The thing about the wheels of poverty is that they turn very slowly. Just as getting rich quick so often proves to be a fallacy, so is rising quickly out of poverty. It’s a marathon, not a sprint, if you’re even able to get on the track at all.

Suffering is as close a cousin to punishment as there is. Here in America, the home of the brave, and the land of the free, we are very big on punishment. A case in point being that although we are one of the least populated major economy nations on earth, we also have the largest prison population per capita of any country on earth – by far, it isn’t even close. What is so often said is that wrongdoing has to be met with consequences, even when the nature of these consequences inflicts so much more harm upon the perpetrator than was ever inflicted upon the victim. This is a false equivalency in its truest and most disastrous form. Long story short, the punishment doesn’t fit the crime, but the general consensus of our punitive society is that with any level of criminality it serves those deemed as criminals right to suffer. Somebody always has to pay, somebody always has to suffer. It’s as if any other paradigm would cause our American society to collapse.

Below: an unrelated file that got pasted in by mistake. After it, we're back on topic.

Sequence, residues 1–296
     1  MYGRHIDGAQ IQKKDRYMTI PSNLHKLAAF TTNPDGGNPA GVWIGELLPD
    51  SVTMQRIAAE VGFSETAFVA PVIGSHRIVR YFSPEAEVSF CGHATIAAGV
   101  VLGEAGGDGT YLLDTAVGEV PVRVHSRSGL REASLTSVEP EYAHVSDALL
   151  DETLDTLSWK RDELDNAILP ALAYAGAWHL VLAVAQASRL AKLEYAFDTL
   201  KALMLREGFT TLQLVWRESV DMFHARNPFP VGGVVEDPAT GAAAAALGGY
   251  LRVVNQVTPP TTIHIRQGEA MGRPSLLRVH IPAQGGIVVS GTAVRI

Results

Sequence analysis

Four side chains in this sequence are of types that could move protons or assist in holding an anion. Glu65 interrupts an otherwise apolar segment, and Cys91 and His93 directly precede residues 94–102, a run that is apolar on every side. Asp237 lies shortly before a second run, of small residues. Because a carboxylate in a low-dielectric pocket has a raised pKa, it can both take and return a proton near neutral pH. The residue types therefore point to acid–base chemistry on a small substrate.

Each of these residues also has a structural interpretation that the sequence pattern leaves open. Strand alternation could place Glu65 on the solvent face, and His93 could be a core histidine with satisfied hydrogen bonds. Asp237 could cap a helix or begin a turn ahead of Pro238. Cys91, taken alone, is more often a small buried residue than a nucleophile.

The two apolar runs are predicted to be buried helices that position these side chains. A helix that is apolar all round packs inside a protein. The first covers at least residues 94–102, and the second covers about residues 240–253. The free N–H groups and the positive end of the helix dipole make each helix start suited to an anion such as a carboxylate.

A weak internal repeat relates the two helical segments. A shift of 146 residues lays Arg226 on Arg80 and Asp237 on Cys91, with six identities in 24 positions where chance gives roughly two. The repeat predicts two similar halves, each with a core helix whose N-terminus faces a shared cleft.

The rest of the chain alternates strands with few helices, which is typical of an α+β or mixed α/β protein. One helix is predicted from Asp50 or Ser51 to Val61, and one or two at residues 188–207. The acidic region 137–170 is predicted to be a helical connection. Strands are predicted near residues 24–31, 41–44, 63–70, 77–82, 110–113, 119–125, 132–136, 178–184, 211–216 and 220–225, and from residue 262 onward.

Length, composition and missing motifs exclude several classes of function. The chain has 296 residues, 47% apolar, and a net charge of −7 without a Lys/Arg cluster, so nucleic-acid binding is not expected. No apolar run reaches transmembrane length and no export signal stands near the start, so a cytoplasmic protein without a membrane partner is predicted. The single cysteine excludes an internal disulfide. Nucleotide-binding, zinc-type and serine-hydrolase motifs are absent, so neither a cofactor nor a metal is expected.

Which brings us back to the tragedy of being poor, which in the eyes of law enforcement and the social arbiters of what is acceptable behavior within the general herd of society is frequently viewed as the low hanging fruit of arrest statistics and case closures. Whenever there are too many cops and not enough real criminals, or too many case workers and not enough truly deplorable cases, the tendency is always to become increasingly pettier towards those that you oversee so as to justify, in your own mind at least, your condensation which is just the first rung on the ladder to complete and oftentimes seething contempt.